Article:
Pacesetters Experience the Power of Performative Psychology with Cathy Salit

Pacesetters practice “Mirroring” exercise

The Pacesetters invited 25 members of BNP Paribas’ women’s ERG, MixCity, the bank’s women’s networking group, to an interactive workshop on Febuary 15th with Cathy Salit, CEO of Performance of a Lifetime. BNP Paribas’ FWA Liaison Donna La Spina invited the MixCity members so that they could interact with the Pacesetters and gain some new learning as well.

Cathy set the context for the session by explaining that playing as a child is essential for creative, cognitive and critical development. She explained that we relate to a child in who they are becoming. They don’t understand us since we speak to them the way they are becoming, sometimes with non-sensical sounds and language.  It’s difficult for adults to play and improvise because we worry about so many things.  She introduced the concept of the Becoming Principle which is who we are and who we are not yet.  Cathy challenged the group to stretch, experiment, and do things that don’t always feel natural or comfortable.

Pacesetters enjoy the highly interactive session

The group participated in three interactive sessions using theatrical performance techniques.  The first was “Who I Am, What I Believe”.  We can break from our scripts and push the envelope to positively contribute to the conversation by following on to what someone says.  In the second exercise, the group practiced mirroring with a partner, which illustrated  that we can give ourselves the right to slow down. Mirroring is about being present and focused on every conversation. The last exercise was a conversation with a time traveler.  In conversation, there is a tendency to use jargon which can be alienating.  In other situations, specialized language may be used that is specific to a business and not understood by everyone.  This exercise forced more clarity in communications and helped to eliminate some of the assumptions we make when we speak with others.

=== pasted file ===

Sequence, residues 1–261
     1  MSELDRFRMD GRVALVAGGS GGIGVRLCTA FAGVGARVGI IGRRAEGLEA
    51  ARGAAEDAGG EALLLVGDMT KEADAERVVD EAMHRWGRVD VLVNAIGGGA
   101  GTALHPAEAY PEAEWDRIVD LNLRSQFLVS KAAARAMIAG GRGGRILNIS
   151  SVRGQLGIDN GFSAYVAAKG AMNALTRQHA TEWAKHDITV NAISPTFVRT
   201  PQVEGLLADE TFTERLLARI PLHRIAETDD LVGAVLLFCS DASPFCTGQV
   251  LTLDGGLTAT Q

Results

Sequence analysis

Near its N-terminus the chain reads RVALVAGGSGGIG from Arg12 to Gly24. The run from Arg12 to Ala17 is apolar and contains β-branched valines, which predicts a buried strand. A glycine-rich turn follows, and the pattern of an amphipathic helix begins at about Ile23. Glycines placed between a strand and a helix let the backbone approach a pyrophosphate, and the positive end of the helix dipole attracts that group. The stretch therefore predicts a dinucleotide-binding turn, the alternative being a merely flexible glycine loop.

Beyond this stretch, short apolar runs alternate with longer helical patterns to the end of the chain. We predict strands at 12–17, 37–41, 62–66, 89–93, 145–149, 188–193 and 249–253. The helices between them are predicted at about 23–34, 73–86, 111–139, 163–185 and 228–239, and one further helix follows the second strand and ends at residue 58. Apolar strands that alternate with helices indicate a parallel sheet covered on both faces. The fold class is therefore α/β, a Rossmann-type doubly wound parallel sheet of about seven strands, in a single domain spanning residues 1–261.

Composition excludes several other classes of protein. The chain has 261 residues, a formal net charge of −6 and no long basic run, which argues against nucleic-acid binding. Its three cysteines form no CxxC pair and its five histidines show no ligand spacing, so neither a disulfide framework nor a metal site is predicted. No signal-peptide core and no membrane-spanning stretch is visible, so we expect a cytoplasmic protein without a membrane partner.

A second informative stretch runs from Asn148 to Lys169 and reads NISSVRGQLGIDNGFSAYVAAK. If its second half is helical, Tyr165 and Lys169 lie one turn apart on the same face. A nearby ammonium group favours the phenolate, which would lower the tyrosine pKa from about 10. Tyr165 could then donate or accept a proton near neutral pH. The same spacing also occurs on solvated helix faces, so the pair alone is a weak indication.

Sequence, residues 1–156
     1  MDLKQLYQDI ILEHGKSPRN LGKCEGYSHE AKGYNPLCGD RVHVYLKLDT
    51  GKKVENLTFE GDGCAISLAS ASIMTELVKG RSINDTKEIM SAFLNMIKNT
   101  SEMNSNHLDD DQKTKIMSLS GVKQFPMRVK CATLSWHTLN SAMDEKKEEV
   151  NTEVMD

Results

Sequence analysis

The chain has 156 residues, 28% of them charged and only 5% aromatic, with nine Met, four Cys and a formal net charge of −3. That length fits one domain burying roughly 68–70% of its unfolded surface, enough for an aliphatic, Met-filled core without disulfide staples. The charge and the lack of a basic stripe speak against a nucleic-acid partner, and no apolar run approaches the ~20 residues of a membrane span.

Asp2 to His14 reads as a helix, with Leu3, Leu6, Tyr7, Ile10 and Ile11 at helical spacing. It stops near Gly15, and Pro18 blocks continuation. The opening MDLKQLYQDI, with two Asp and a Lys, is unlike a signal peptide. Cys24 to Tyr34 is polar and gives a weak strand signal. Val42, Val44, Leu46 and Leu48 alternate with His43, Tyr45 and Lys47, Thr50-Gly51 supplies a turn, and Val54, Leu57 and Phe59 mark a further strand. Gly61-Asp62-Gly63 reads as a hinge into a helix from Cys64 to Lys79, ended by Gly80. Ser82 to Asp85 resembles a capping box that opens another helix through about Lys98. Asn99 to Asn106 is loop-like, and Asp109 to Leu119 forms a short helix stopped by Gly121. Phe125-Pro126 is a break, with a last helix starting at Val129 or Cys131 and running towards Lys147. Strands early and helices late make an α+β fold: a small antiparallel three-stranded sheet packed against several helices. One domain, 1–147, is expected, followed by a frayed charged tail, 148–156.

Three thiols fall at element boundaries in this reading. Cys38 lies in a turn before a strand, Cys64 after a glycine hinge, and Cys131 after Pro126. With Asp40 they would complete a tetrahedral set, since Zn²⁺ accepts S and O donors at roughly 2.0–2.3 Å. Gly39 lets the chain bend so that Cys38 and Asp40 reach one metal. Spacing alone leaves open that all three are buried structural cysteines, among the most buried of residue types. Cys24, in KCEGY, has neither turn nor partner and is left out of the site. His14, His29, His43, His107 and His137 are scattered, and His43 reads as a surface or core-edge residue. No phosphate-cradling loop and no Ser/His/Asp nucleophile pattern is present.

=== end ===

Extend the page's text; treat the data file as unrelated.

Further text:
Cathy told the group that influence, confidence and presence are, fundamentally, choices. You can’t control everything that happens to you, but you can choose how you respond, perform and portray yourself. Those choices can make a big difference in how you are perceived, how you feel about yourself, and how you impact others. The art of improvisation, she noted, is making things up on the spot.  This is important in the moment because you are performing, saying YES to anything that anyone is giving you (their offer), and building on it.  This is the magical, “Yes, and…”